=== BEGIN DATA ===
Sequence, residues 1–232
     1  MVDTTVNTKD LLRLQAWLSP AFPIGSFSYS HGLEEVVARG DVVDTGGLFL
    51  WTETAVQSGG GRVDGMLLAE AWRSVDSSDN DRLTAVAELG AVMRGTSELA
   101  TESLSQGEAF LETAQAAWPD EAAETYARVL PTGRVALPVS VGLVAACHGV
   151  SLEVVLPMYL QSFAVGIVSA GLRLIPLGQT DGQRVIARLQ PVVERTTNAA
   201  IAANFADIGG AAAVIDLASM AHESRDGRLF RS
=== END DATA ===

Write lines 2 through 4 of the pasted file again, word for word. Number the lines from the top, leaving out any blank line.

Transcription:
     1  MVDTTVNTKD LLRLQAWLSP AFPIGSFSYS HGLEEVVARG DVVDTGGLFL
    51  WTETAVQSGG GRVDGMLLAE AWRSVDSSDN DRLTAVAELG AVMRGTSELA
   101  TESLSQGEAF LETAQAAWPD EAAETYARVL PTGRVALPVS VGLVAACHGV